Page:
Posted on July 22, 2018 by Jenn Zatopek
After the end of a long work week, I locked up my counseling office, and walked slowly toward the main hallway leading downstairs. Two of the residents at the home stopped me and asked for help, their brown skin gleaming beautiful and sweaty thanks to the relentless hot weather and tending to rambunctious children. I smiled at them, grateful for distraction from my back pain and for the holy wonder of intimacy that occurs between newly acquainted strangers. They wished me a good weekend and I returned the goodwill, marveling at the paradoxes of life.
There is so much violence in the world and it occurs on our earth, between people and animals, to our children and the marginalized. It is heartbreaking. And yet there is so much beauty in creation, in the love and grace and peacekeeping that occurs between people, in music, in art, and in spirituality that it frequently stuns me to tears. I practiced gratitude for being of service to others and did so in those seemingly mundane events of getting to know some of my new counseling clients this past week.
But for now, it was time for me to get some help of my own. Back in graduate school, one of the most gracious counseling professors reminded us regularly that the best counselors have their own counselors. She would say this calmly yet firmly, with a hint of urgency in her voice, as if she knew once we fled her nest we would work to help others beyond our own limits.
Thank God for teachers.
I drove away from the home and weaved my way through the older neighborhood, driving with intention, making my way across town to see my therapist. I looked at the homes, colorful clapboard houses, and stately bungalows with wraparound porches, and the burnt grass, baked to spun gold, and pondered contacting a family member. A part of me sternly reminded myself that I needed to honor my elders, and the litany of negative self-talk began. Why don’t you try harder? Maybe if you were different things would be better?
It’s funny, but these voices usually say the same old things; they don’t really have any new material to work with.
Over the years, interactions with this person have been tense, sparse, and grief-stricken, and not for lack of trying. I reviewed all the times I sought her approval and fell short, wondering if I were doomed to repeat a very ancient childhood story of constant performance and rejection.
So I did something new. I turned on some music and sang, bellowing as loud as I could. I sang for me and for everyone who has been hurt, rejected, and abandoned by others. We all of us are singing to be seen and known, and these two desires, to be deeply seen and known, are the most marvelous gifts that family, friends, members of recovery meetings, clergy, and counselors can give to people.
The problem is that love and belonging, affection and nurturing, does not often come from one’s origin family. It is the ideal, of course, but not the reality for many humans.
As I kept driving in the blinding hot sun and breathing deeply, I considered the problem from a few angles: I could reach out to her and try again for relationship. I could suggest dinner at a local restaurant or invite myself over to her home, hoping and praying that this time things would be different. I could be the one to make things happen.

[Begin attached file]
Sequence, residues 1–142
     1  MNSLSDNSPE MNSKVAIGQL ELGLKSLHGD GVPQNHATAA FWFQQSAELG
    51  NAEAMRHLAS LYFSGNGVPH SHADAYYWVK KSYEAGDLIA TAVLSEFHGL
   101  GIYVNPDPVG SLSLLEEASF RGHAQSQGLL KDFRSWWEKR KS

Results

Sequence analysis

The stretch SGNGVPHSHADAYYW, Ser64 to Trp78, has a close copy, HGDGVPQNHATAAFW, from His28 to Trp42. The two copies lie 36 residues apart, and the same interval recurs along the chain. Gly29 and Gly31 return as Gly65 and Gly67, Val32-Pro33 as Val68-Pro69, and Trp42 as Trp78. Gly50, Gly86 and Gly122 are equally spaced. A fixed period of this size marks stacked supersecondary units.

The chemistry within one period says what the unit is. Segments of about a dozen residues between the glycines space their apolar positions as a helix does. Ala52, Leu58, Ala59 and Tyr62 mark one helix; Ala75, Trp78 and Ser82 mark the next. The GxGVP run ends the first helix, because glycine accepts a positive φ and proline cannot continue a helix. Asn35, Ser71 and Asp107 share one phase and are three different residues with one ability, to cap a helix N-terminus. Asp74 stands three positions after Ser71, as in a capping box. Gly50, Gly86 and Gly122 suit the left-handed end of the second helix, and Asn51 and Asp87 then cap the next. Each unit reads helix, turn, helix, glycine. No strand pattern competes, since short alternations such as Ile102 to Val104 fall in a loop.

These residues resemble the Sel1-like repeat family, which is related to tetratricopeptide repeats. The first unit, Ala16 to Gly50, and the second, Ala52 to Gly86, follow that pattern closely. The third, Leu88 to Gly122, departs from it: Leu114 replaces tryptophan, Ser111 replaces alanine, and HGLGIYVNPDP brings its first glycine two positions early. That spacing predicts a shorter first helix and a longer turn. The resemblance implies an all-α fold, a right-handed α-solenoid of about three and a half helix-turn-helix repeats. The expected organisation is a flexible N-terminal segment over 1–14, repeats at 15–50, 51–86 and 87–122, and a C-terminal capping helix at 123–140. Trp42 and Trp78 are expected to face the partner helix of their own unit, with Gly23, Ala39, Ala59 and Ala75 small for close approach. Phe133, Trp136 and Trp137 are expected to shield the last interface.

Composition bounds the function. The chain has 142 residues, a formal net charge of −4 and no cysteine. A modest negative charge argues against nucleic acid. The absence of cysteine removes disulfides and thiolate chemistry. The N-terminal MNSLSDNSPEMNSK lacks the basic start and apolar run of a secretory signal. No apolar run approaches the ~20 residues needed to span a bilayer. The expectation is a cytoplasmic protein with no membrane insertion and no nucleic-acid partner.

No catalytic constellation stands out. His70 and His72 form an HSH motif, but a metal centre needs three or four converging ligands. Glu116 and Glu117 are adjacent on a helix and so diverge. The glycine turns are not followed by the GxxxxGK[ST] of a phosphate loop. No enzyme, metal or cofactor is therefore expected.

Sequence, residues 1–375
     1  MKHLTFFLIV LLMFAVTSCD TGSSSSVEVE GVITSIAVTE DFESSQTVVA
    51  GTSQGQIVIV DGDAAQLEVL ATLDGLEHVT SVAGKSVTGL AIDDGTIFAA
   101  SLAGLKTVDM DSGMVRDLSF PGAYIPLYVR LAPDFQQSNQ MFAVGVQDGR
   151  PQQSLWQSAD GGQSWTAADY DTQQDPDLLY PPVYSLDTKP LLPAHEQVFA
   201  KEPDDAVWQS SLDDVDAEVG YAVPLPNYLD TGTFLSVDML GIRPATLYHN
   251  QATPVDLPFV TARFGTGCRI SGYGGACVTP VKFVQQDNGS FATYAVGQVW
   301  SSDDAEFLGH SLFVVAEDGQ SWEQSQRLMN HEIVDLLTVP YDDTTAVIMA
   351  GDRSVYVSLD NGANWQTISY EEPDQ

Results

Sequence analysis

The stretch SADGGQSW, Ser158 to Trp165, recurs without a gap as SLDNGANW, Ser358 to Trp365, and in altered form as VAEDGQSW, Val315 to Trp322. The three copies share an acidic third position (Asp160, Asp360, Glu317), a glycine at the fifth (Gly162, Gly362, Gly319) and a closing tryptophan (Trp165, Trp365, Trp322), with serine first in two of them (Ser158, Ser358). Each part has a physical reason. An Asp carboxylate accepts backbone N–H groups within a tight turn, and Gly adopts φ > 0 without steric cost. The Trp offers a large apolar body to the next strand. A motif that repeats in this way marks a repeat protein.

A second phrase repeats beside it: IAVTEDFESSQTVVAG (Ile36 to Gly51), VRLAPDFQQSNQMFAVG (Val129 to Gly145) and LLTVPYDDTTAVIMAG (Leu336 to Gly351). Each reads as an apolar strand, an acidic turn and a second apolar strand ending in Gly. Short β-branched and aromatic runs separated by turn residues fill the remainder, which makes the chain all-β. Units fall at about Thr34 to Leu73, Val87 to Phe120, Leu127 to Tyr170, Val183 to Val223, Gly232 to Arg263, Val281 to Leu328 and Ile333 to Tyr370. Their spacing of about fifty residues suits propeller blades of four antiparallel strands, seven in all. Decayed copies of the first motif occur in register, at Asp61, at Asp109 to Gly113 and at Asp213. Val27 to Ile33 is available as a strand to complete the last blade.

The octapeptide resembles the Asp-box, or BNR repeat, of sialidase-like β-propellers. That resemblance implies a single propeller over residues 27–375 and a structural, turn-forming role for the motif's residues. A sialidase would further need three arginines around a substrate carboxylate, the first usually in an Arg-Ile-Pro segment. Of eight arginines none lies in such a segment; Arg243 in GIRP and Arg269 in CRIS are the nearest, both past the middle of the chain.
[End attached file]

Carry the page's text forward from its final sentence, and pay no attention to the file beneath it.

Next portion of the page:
I was becoming mentally ill in the process of trying and failing to find a solution in my own mind. This is where having a relationship with Jesus helps.
As I got out of the car and walked slowly to the shady office building, surrounded by large post oaks, I asked again to Spirit what I needed to do, and this response came:
Why would you go seeking mercy from someone who can only offer harsh judgement?
I stopped and looked around and smiled in wonder. Opening up to Spirit and letting God talk to me has been one of the most joyful and adventurous things I have ever done. These experiences jar me from my tangled thinking, and help move toward a more compassionate and loving response toward life, others, and myself.
So what if the most compassionate response I can do for myself is to stop clinging to the false expectation that this person can give me what she herself does not have to give? What if the most loving response is to forgive her for the times she has hurt me? What if I gave myself permission to do what I advise my counseling clients to do, and simply let go of hoping for a better relationship and accept what is?
Grace comes in many forms, and perhaps the most stunning one is an answer that involves rest and waiting, rather than frenetic attempts to grab at connection with people who are simply unable and unwilling to do so.
So do me a favor and remember that it really is okay to rest in the space between encounters with others. It is right and good and divinely inspired to take care of the one person that you can only care for today. You honor yourself with mercy and grace when you admit “I do not have the emotional energy to reach out right now.” It really is holy for you to find the people in your life who love you for who you are, who offer you a safe respite from the pressures of modern life, rather than heap on more condemnation.
As I drove home after the appointment, I watched the night sky settle over the city like a cloak, deep indigo with streaks of ruby red disappearing into the horizon. The air was hot but cooling off slightly, and I slipped into my house and settled down with a good book and a cat, and took my own advice and rested. Things may or may not change with this family member, but I am relaxing, loosening my grip, and letting Spirit do the work in the waiting.